Hollywood’s everyman Matt Damon found himself a focal point for the Internet’s collective ire back in September 2015.
“Matt Damon thinks gay actors should stay in the closet.”
“Matt Damon is a homophobe.”
The accusations flew in thick and fast, his comments taken thoroughly out of context, and he rapidly ascended that very public wall of shame – Facebook’s top trending.
Damon actually, in typically reserved fashion, said: “I think you’re a better actor the less people know about you period, and sexuality is a huge part of that. Whether you’re straight or gay.”
The journalist sat opposite Damon when he made those remarks was The Observer’s Elizabeth Day.
She spent the latter half of 2015 doing what pop stars call ‘conquering America’.
A columnist by 12, feature writer of the year in 2013, and a Betty Trask award for her first novel Scissors Paper Stone.
Day is an outrageous talent and her interviews, features and now, TV reviews win her almost weekly acclaim.
She has a knack for telling stories which people acutely feel, whether that’s through laughter, sobs, or both.
“I’ve always been what I would call curious, and what others might term nosy, about other people,” she admitted in a typically self-depreciating fashion.
Lots of people are nosey, but few get to interview A-listers and fewer still do so with such success.
“The act of asking questions came naturally to me but the art of interviewing is something I had to learn to get better at,” she insisted.
“The interview is a curious beast because it masquerades as a conversation but actually it’s an entirely manufactured set up where the interviewer has a list of questions they need to ask.
“Often there’s always one they know the interviewee is going to hate and as a journalist you kind of have to brace yourself for that one and know that asking it is part of doing your job.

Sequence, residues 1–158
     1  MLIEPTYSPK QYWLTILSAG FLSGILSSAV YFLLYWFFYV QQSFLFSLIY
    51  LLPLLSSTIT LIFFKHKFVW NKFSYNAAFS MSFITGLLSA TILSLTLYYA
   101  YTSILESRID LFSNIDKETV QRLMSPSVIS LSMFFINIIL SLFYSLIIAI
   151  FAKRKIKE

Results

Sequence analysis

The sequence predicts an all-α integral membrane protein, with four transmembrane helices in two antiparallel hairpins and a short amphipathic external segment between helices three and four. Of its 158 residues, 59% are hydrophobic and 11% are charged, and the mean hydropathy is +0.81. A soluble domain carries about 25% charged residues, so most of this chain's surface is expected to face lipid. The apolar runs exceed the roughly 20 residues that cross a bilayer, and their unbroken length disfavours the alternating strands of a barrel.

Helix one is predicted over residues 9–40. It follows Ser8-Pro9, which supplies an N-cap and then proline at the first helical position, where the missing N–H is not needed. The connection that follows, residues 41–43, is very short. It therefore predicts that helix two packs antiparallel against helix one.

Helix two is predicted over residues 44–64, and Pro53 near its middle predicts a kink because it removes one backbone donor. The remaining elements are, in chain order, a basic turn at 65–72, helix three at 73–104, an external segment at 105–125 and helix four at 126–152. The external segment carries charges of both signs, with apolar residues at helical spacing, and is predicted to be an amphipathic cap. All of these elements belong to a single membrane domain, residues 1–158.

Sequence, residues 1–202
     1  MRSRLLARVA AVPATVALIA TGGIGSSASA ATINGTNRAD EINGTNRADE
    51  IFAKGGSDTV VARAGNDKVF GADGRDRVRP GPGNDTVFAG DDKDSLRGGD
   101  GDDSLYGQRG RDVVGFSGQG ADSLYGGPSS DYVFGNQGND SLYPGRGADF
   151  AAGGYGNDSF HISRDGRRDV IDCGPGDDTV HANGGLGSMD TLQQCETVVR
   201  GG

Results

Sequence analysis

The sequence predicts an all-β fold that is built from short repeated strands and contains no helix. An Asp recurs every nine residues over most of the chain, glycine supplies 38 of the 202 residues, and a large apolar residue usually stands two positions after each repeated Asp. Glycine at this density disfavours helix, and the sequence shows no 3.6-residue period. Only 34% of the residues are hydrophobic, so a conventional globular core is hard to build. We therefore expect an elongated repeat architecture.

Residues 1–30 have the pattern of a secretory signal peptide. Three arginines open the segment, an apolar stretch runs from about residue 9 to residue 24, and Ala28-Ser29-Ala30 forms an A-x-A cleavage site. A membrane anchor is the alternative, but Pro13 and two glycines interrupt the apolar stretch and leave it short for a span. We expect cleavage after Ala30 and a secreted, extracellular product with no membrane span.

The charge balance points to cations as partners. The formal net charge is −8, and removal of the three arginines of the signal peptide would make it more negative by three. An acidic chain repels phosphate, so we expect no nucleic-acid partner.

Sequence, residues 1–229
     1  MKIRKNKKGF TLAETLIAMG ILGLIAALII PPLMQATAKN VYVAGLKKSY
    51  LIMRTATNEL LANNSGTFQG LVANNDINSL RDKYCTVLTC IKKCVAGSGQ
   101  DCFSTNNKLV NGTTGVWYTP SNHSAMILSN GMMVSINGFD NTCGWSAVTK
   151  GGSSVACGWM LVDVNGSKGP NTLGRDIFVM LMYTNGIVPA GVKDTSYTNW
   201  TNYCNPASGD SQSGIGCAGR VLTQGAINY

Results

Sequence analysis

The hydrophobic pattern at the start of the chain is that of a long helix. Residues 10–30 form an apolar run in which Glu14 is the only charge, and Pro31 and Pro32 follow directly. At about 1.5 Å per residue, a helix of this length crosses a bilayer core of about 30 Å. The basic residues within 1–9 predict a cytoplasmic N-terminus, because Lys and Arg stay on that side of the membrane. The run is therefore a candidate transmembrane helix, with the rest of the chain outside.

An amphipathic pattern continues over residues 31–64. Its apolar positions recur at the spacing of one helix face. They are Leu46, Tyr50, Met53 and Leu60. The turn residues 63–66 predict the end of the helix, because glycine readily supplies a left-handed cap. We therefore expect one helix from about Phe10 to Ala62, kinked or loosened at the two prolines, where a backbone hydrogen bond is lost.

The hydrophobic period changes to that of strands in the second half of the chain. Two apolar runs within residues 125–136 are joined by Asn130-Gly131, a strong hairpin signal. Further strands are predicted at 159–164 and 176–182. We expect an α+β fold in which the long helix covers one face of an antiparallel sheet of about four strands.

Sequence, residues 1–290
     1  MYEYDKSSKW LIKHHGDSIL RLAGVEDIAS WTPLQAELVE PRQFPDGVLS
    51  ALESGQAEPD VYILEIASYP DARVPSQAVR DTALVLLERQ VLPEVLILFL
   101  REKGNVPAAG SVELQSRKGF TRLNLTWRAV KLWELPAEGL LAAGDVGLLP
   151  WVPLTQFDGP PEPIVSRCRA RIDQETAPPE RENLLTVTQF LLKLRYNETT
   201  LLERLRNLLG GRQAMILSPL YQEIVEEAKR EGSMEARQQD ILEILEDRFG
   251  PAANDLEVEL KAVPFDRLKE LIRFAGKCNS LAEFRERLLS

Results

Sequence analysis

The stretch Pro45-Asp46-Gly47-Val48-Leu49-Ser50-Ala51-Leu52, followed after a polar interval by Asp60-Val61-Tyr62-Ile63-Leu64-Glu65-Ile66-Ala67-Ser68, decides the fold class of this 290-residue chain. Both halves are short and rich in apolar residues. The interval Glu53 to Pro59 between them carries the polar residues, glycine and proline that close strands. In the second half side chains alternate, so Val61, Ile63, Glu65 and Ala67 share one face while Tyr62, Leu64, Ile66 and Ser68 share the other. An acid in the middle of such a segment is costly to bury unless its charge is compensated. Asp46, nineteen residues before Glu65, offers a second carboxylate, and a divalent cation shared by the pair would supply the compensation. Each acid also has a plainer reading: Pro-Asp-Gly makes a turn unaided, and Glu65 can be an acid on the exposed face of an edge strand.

“The interviewee has stuff they need to promote and a whole pile of other things they don’t want to talk about while pretending to be easy and charming and natural.”
Remove the agenda and it can boil down to something much simpler.
The real craft, which Day possesses in spades, seems to be in moving past the pretense, the fabricated layer of coolness to reveal a personality worth hearing about or a story that needs to be told.
“I’m fascinated by what makes people tick, what their upbringing was like, how they get on with their family, what makes them laugh or cry, and I suppose it all comes back to the same thing – it’s about trying to make sense of life.”
Grandiose, maybe, but she’s right.
For all the glitz and glamour of interviewing Matt Damon, Day’s best work, and the pieces she says elicit the most personal pride, are those done far away from Hollywood superstars.
Kendrec McDade is one of the 1,134 people killed by US police officers in 2015.
One of the African-American men who make up 2% of the US population, but comprise 15% of those killed by police in 2015.
The 19-year-old was killed by two officers in Pasadena, California on March 24 2012.
Despite never activating their emergency lights or turning on their sirens, which would in turn have activated a dashboard camera, the two officers claimed they feared for their lives.
The officers were following up a 911 call for a stolen laptop. The caller, who later admitted to lying about this fact, said he had been held up at gunpoint and the suspect was a black male.
McDade found himself in the wrong place at the wrong time and the officers, believing he was the suspect, chased him into an alley.